Master Degrees in Fine Arts in Dublin Ireland. Master of Fine Arts (MFA) in Creative Writing Based in the childhood home of Oscar Wilde at 1 Merrion Square and delivered in association with the Irish Writers’ Centre, the Master of Fine Arts (MFA) in Creative Writing offers aspiring or published writers a one-year course of study which examines the process and practice of producing prose fiction. The work of the last two years’ classes has included pieces that were shortlisted for the Penguin Ireland Short Story Competition, twice longlisted for the Fish Short Story Competition, and two students who were selected as finalists in the IWC Novel Fair. Within a critical workshop and mentoring format students are provided with tuition and advice in completing either a novel or a short story collection. Consideration is given to the intellectual, psychological, economic and cultural influences that underpin and drive the creative writing process. The course also emphasizes the business and professional environment of writing, with seminars presented by agents and publishers and master classes by established writers. The programme provides the student both with expert guidance in producing a substantial written work of publishable standard, and with a comprehensive understanding of the theoretical and practical requirements of successful participation in the activity of writing, whether as a professional career or as part of a lifelong personal commitment to creative endeavour. A graduate of the programme will be in a position to consider submission of a complete and polished work to a literary agent or publisher. He or she will also be prepared for participation in a range of complementary fields such as journalism, publishing, editing, online writing, advertising, marketing and teaching. The degree develops a broad spectrum of transferable skills, including advanced and adaptable writing techniques, informed responsiveness to critical and editorial commentary, self-management and organizational competencies, and a high level of expertise in understanding and locating creative work within a historical and critical context. These skills are applicable not only in careers that draw directly on the ability to write creatively, but also in a wide array of related business, cultural and social activities such as keeping a web page, blogging, advocacy and grant writing, criticism and commentary. Finally, the degree highlights the beauty and, amid such suffering as is necessary, the joy of creative expression. Regardless of the particular path a graduate follows, he or she will leave the programme with an enhanced, lifelong appreciation of the manifold intellectual and emotional benefits and consolations to be found in the practice of creative writing. Sean O’Reilly Sean O’Reilly teaches the novel workshop and the module on the craft of creative writing on the MFA in Creative Writing. Sean O’ Reilly grew up in Derry, Northern Ireland. His work includes the short story collection, Curfew, and the novels Love and Sleep and The Swing of Things and the experimental erotic novella, Watermark. He is a contributing editor to the literary magazine, The Stinging Fly. Mike McCormack Mike McCormack teaches the short story workshop on the MFA in Creative Writing. Born in 1965, Mike McCormack comes from the west of Ireland. He is the author of one collection of short stories, Getting it in the Head (1996), and two novels, Crowe’s Requiem (1998) and Notes from a Coma (2005). In 1996 McCormack was awarded the Rooney Prize for Irish Literature. Getting it in the Head was chosen as New York Times Notable Book of the Year in 1998. In 2006, Notes from a Coma was shortlisted for the Irish Book of the Year Award. In 2007 he was awarded a Civitella Ranieri Fellowship. The Irish Writers’ Centre The MFA in Creative Writing is delivered in association with the Irish Writers’ Centre, based at 19 Parnell Square. The Irish Writers’ Centre has long been a hub of literary activity in Dublin, supporting established and aspiring writers throughout Ireland from its location in what Joyce called 'the heart of the Hibernian metropolis.' It is a non-profit organisation, aimed at promoting literature and writers in Ireland. Since it was founded in 1987, the Irish Writers’ Centre has welcomed many award winning writers through its doors, including Nobel, Costa, Man Booker, IMPAC, and Pulitzer Prize winners. It has also served as an important platform for breakthrough talent, with many young writers giving their first public readings at the Centre. The Irish Writers’ Centre has considerable experience and expertise in teaching and promoting creative writing. These qualities, allied with American College Dublin’s long background in liberal arts higher education, have informed the development of the programme and provide ongoing support for it. The Centre serves as a space for programme events and presentations, facilitates MFA students in establishing contacts with agents, publishers and other key figures in the publishing industry, and provides a context for students to engage and interact with the Dublin and Irish writing community. All MFA students are required to be members of the Irish Writers’ Centre during the year of their registration on the programme and are encouraged to enter into its culture and activities, both during the course and in the years beyond. Additionally, as a general principle, students are encouraged to draw on the observations and other writerly enjoyments and inspirations that attend the experience of travelling the paths, by-ways and spaces that link Merrion and Parnell squares. Course Schedule The MFA in Creative Writing consists of a variety of taught classes, workshops, and a culminating final project, which is a substantial portion of a novel or a collection of short stories. All modules are mandatory, with the exception of one of the writing workshop classes in the first semester; novelists are required only to take the novel writing workshop and short story writers are only required to take the short story workshop, not both (however, though attendance in both is not mandatory, any student is wishes to participate in both is welcome to do so). The creative writing project is developed throughout the course of the programme (indeed, some students may come to the degree with work already in some stage of completion which is developed in the programme) and is completed during the summer, with a submission date in the first week of September) Semester 1 Imagination and storytelling Writing workshop 1: the novel Writing workshop 1: the short story The writer as critic The craft of creative writing Semester 2 The business of writing and publishing Writing workshop 2 Masterclass in fiction writing Creative writing project Course Requirements An honours bachelor degree in a cognate discipline may be an advantage but is not a necessity for entry to the Master of Fine Arts in Creative Writing. The principal requirements for admission to the programme are demonstration of a sufficient interest in the activity of creative writing and furnishing of evidence of an ability to undertake and benefit from a course of master’s level study and tuition in creative writing. An applicant for the MFA should submit to the Admissions Office a statement of approximately 750 words of his or her interest in undertaking the course and a portfolio of his or her prose writing. The portfolio may consist of a single piece of writing or of a collection of up to four samples; the entire length of the portfolio should be approximately 3000 words. The applicant will also be required to attend an interview (in person or by means of the internet). Career Skills Along with academic knowledge that students receive throughout the duration of their chosen subject, students will also acquire and develop transferable career skills from their degree discipline. These skills along with potential career paths are provided below to give you a well-rounded view of what the course has to offer. These skills include: Advanced skills and competencies in written communication Advanced skills and competences in academic research Detail-oriented Creativity Self-management Organisational competencies Critical and editorial commentary Graduates of MFA in Creative Writing will be prepared to participate in a range of complementary fields including: Journalism Publishing Editing Online writing Advertising Marketing Teaching [-]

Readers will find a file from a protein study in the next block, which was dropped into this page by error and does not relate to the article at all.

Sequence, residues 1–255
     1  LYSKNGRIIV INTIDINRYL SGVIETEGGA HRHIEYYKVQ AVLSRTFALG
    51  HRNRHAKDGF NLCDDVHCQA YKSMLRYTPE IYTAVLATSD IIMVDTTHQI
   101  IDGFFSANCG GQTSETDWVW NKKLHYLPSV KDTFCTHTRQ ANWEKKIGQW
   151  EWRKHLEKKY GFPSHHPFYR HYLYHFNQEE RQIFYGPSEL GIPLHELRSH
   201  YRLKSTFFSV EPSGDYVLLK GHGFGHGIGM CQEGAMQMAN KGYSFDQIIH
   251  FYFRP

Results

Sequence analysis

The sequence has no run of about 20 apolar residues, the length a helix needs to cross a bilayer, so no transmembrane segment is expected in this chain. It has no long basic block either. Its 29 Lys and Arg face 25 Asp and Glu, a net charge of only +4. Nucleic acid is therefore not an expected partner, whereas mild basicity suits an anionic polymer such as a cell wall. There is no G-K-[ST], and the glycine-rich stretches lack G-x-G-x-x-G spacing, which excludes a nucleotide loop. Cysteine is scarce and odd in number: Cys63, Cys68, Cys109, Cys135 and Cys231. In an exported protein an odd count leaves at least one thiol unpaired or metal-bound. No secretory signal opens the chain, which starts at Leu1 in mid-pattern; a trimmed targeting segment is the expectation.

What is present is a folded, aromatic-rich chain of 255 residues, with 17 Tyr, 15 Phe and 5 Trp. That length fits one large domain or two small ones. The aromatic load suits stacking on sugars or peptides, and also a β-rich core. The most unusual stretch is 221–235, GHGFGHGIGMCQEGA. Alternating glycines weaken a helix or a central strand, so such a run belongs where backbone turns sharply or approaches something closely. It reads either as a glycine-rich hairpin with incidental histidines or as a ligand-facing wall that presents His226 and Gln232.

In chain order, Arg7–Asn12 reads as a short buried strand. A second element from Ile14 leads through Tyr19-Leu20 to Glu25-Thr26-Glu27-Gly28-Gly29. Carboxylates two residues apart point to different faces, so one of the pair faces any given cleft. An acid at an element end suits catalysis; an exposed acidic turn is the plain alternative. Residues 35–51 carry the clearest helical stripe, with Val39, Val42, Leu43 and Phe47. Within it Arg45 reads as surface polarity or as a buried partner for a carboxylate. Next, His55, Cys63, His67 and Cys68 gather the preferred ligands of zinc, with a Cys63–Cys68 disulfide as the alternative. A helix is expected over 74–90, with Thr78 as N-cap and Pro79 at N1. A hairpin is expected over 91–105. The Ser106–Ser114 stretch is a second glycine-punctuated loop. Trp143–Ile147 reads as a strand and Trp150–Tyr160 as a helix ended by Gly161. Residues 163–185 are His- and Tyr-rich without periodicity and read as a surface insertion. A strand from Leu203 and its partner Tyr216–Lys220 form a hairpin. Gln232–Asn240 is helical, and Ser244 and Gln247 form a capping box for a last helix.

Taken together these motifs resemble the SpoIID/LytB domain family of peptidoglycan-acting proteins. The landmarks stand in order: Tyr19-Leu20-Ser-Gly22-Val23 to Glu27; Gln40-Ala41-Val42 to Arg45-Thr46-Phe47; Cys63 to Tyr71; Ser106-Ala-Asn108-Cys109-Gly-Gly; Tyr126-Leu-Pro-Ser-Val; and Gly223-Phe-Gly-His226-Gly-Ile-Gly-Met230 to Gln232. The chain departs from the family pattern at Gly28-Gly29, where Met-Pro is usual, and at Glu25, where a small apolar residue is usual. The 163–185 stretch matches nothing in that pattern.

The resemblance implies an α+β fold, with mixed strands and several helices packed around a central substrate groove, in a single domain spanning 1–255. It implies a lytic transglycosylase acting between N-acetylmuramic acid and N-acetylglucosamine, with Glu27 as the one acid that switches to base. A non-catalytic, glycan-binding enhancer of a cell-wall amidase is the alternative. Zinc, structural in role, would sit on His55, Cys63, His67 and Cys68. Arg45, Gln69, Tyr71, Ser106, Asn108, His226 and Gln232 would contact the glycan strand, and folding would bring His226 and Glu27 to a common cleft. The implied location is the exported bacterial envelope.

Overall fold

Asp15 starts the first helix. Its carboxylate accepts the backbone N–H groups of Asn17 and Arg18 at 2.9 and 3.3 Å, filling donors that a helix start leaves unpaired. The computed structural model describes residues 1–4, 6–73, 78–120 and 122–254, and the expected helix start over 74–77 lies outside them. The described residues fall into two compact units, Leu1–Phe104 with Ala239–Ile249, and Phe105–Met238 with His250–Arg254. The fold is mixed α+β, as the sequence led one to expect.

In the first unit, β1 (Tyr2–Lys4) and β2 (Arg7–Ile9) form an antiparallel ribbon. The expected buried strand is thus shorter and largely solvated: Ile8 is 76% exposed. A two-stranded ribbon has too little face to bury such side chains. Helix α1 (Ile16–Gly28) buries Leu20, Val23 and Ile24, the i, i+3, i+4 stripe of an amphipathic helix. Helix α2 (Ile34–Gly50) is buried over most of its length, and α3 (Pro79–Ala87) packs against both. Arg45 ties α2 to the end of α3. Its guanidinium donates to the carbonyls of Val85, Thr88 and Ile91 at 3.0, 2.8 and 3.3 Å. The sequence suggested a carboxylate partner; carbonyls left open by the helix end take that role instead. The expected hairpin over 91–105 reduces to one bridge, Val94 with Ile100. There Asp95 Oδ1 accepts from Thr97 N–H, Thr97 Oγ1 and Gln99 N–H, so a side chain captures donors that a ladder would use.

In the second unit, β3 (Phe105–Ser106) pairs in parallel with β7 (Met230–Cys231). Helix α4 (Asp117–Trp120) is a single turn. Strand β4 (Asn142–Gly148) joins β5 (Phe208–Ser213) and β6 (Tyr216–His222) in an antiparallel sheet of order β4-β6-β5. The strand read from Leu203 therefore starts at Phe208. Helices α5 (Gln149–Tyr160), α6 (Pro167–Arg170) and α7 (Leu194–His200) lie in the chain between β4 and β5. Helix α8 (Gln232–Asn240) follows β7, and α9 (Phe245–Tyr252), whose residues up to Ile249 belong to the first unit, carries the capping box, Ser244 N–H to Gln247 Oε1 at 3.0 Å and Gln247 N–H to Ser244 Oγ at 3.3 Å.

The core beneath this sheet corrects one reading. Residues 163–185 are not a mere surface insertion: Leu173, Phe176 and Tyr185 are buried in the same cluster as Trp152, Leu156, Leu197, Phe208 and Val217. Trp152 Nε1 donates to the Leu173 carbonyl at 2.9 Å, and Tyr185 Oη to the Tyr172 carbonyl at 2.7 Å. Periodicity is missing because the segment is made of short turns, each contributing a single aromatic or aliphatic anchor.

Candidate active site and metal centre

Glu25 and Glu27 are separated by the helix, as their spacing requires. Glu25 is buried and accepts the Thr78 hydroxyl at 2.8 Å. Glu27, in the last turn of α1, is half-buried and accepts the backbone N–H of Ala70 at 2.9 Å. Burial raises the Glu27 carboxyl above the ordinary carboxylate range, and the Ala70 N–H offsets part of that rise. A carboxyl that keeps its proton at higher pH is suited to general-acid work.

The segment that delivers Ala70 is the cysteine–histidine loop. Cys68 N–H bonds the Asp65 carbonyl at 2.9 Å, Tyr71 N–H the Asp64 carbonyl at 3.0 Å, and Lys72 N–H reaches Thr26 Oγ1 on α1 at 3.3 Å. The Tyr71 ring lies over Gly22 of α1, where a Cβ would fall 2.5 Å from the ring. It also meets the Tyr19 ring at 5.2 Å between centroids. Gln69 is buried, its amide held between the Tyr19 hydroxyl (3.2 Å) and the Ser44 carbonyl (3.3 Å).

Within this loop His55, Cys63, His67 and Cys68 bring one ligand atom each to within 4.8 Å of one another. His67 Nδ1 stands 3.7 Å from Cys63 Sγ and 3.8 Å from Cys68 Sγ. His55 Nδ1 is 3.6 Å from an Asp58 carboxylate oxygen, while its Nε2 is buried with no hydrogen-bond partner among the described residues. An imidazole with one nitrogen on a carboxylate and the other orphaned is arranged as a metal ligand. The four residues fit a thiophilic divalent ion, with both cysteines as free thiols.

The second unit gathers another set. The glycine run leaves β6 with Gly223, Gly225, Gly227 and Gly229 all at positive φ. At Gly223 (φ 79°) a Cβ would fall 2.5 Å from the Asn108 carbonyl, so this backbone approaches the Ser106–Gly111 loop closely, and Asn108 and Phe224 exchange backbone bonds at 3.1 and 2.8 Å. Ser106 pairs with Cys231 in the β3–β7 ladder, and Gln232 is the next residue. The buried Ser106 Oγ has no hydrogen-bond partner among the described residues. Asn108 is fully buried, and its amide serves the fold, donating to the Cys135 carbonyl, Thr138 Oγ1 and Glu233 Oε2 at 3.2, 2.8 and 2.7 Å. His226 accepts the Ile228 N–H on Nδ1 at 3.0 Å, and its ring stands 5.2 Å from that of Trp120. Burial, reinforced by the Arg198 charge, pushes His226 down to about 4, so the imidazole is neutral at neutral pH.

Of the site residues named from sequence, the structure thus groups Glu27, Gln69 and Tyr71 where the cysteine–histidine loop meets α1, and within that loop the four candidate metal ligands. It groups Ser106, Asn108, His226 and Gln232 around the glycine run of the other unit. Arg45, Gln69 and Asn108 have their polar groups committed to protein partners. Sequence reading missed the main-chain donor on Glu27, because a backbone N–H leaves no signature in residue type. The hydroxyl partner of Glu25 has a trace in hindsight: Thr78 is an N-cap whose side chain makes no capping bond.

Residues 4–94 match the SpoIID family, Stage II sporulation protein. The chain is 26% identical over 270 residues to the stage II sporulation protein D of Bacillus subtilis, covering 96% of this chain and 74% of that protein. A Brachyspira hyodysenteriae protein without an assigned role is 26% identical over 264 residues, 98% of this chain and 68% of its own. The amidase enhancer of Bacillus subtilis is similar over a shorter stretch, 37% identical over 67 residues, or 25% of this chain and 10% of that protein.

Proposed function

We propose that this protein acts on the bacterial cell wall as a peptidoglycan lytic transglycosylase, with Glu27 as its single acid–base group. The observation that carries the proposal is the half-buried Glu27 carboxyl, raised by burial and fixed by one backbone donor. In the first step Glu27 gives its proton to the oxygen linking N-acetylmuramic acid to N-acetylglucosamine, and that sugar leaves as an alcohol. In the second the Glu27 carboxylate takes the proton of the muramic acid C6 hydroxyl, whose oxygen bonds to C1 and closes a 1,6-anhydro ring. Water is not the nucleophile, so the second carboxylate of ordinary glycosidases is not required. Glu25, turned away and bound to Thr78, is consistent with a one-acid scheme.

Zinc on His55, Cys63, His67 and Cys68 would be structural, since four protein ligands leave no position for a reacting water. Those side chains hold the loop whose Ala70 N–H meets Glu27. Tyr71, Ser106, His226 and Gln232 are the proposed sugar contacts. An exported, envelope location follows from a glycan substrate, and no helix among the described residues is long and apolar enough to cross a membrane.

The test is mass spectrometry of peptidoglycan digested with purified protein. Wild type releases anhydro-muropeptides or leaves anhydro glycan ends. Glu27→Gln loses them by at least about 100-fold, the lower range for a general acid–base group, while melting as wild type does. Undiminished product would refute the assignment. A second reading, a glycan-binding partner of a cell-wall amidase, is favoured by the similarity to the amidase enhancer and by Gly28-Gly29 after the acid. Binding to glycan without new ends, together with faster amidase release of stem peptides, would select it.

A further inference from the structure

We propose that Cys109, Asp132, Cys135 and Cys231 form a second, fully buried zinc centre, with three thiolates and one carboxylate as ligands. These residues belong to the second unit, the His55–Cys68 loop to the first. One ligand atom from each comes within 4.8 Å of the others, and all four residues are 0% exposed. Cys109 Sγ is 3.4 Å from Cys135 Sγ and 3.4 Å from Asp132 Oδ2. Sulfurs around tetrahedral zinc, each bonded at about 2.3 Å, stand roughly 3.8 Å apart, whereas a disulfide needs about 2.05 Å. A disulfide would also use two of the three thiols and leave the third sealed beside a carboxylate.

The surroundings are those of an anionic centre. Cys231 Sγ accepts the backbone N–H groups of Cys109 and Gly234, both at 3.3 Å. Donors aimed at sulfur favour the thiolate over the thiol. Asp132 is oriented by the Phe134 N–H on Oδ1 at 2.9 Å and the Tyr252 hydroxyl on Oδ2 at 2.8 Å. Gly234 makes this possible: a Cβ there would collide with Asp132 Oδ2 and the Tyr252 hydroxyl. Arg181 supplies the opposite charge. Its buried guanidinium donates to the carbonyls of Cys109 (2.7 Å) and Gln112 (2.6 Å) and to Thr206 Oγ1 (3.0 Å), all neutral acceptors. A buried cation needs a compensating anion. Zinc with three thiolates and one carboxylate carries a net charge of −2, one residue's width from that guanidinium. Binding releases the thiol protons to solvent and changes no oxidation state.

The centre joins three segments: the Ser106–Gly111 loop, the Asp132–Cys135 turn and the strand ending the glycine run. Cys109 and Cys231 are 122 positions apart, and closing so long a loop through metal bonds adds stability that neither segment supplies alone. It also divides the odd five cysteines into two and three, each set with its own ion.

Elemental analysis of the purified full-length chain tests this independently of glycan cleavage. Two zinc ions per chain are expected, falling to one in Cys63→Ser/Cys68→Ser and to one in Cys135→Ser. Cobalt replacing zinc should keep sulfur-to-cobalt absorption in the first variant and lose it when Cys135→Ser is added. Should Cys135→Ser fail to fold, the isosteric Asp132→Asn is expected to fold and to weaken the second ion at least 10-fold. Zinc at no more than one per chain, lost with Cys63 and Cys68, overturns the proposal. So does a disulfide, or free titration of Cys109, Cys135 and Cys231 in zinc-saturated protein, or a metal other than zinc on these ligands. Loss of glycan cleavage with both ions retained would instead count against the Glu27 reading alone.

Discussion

MA in Art Research Collabouration